Officials in Dagestan pattern counter-insurgency efforts after Chechnya

Eurasia Daily Monitor
July 19, 2012 — Volume 9, Issue 137

Dagestan Insurgency Grinds on as Officials Borrow Methods Used in Chechnya

Those who follow developments in Dagestan cannot fail to notice that the republican leadership, in dealing with the militants, is trying to adopt the experience of neighboring Chechnya. The Dagestani authorities are setting up ethnic-based units along the lines of the Chechen Zapad and Vostok battalions (http://www.currentintelligence.net/agenda/2010/8/16/arming-the-tribes-in-daghestan.html), hosting additional police and military forces (www.echomsk.spb.ru/news/kriminal/v-dagestan-perebrasyvayut-voyska.html), establishing operative groups (http://rod-ru.org/news1307/) and creating a commission adapting former militants to civilian life.

So far, none of the instruments adapted from Chechnya has had any effect on the situation in Dagestan. Even the commission for rehabilitating militants has received only 37 repentant rebels in over the one and a half years of its existence. None of those who surrendered to the commission came even from the lowest command circles of the insurgency. These mediocre results in Dagestan show that each republic of the North Caucasus has its own specific features and its own level of trust toward the regional authorities. The director of the Federal Security Service (FSB), Aleksandr Bortnikov, stated that commissions for the adaptation of the rebels might become a key element in preventing terrorism (www.kavkaz-uzel.ru/articles/209583/). However, in Kabardino-Balkaria, no rebels surrendered to the local commission for adapting militants (http://dagestan.kavkaz-uzel.ru/articles/209684/). The same idea has been applied in different republics of the North Caucasus, producing very different results. The only novelty that has been tried in Dagestan was the government’s project for the “reconciliation” of the Salafis and the Sufis in the republic (www.regnum.ru/news/kavkaz/dagestan/1548709.html). A new model of coexistence of Sufis and the Salafis is taking shape in Dagestan, which will have reverberations in Chechnya, Ingushetia, Kabardino-Balkaria and Karachaevo-Cherkessia.

Meanwhile, violent attacks by the insurgency continue. As of July 15, several significant insurgency-related incidents took place in Dagestan. On July 10, the joint forces of the Buinaksk district police and the republican police stopped a car near the village of Chankurbe on the road connecting it with the village of Dorgeli. When the police attempted to check the driver’s documents, he fired shots at them. The attacker was killed in the shootout and subsequently identified as Rasul Adilgereyev (www.regnum.ru/news/kavkaz/dagestan/1550096.html#ixzz20fbQZmHe).

On June 14, eight people, including seven rebels, were killed and three were injured in a clash between the government and rebel forces. According to official sources, the law enforcement officers exchanged fire with a group of militants who were in a car on the highway connecting the towns of Izberbash and Sergokala. The militants retreated to vineyards near the village of Uitamysh in Dagestan’s Kayakent district, where they put up a fight. One policeman was killed and three others were wounded in the clash, according to preliminary information (www.itar-tass.com/c1/472533.html). Later, near the site of the clash, police found two cars and a dugout with an IED in it, which they destroyed (www.riadagestan.ru/news/2012/7/15/139389/). Two of the seven slain suspected militants were identified as 28-year-old Islam Magomedov (aka Emir Abdulkhalik) and 29-year-old Arsen Magomedov (aka Emir Abdula). Islam Magomedov, who is believed to be the head of the Sergokala jamaat, has been on the Russian federal wanted list since 2010. Magomedov reportedly headed the Izberbash jamaat and also has been on the wanted list since 2010 (http://www.kavkaz-uzel.ru/articles/209718/). Other slain suspects included 26-year-old Amin Ibiev from the town of Kayakent, 35-year-old Shamil Ahmedov from the town of Izberbash, 32-year-old Magomedsaid Mamatov from the village of Utamysh in Kayakent district, 25-year-old Isa Dalgatov from Izberbash and 23-year-old Vilyam Plotnikov (aka Kanadets) from Tyumen Oblast (www.kavkaz-uzel.ru/articles/209755/).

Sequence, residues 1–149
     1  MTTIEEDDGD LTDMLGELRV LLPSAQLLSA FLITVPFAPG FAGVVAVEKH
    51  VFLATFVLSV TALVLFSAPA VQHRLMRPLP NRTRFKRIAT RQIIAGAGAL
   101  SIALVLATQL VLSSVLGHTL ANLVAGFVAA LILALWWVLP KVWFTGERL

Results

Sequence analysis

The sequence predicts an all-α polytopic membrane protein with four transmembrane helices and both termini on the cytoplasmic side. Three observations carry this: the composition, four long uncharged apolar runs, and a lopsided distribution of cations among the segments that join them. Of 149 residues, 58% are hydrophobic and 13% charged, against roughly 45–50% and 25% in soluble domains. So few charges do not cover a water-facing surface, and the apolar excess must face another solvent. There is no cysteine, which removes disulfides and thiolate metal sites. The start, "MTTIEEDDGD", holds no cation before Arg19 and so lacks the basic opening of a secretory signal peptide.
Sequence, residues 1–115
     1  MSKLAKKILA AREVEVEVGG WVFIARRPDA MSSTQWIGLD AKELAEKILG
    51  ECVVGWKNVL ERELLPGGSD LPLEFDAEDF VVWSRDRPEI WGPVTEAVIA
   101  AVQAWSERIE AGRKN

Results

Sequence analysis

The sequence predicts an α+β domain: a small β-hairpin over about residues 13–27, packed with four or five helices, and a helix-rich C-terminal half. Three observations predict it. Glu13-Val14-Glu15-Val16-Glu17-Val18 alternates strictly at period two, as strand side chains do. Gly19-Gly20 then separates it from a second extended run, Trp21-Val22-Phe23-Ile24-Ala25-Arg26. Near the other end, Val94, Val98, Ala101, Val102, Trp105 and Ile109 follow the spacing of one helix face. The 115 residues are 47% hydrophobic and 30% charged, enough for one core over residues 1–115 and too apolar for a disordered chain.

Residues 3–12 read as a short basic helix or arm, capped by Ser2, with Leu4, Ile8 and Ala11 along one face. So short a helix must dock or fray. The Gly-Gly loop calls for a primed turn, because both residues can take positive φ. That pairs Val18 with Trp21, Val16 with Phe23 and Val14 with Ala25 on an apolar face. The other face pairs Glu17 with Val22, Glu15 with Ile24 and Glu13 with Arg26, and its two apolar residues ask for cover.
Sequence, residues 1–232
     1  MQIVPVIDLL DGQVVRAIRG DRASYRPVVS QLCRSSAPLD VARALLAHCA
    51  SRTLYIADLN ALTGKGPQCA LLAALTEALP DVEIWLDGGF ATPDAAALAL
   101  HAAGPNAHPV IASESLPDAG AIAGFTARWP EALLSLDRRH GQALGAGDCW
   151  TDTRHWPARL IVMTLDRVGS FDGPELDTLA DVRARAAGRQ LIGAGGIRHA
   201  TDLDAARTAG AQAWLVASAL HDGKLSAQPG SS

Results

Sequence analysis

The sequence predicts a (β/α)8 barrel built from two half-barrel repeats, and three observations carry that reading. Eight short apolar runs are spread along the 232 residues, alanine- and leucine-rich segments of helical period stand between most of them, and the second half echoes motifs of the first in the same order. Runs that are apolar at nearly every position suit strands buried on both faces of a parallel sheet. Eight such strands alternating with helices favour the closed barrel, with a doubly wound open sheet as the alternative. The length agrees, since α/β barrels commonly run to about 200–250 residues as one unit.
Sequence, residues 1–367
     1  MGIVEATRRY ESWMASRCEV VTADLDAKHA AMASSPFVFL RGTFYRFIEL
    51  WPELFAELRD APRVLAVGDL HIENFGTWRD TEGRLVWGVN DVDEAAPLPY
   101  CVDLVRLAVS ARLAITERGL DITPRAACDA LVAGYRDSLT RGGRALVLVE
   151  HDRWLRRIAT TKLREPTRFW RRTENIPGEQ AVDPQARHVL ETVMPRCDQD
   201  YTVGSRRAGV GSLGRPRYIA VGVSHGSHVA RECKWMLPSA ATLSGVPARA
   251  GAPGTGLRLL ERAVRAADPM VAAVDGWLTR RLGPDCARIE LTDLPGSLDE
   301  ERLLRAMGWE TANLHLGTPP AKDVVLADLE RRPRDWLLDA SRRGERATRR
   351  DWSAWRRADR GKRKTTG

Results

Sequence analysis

Also on July 14, unknown assailants captured an SUV in the town of Yuzhny Khushet, which is in Makhachkala’s suburbs, and fired shots at two police cars with riot police (OMON) officers in them. The drivers, police officers Magomedrasul Asgedinov and Magomednuri Gamzatov, died on the spot in the attack. The attackers also seized the slain servicemen’s guns (www.ria.ru/crime/20120715/699781532.html#ixzz20fOrNXc7).

Thus, the situation in the Dagestani republic remains very complex because of the unceasing fighting between the government forces and an armed Islamic resistance, which fights under jihadist slogans. As the security conditions deteriorate, regional officials are doing everything possible to salvage the situation by adopting counter-insurgency methods used in Chechnya, but the prospects do not look promising. Any counterinsurgency strategy, adapted from other republics of the North Caucasus and applied to Dagestan, cannot succeed without taking into consideration the specifics of this republic. Unique to Dagestan, no single personality in the republic can assume all responsibility for implementing all decisions according to Moscow’s wishes. Thus, Moscow’s desire to get the same results in Dagestan as they did in Chechnya is hardly feasible at this point. Dagestan requires its own approach that would be uniquely suited to the peculiarities of this republic. Having tripped over Dagestan, Russia may never recover its influence in the North Caucasus region.

–Mairbek Vatchagaev

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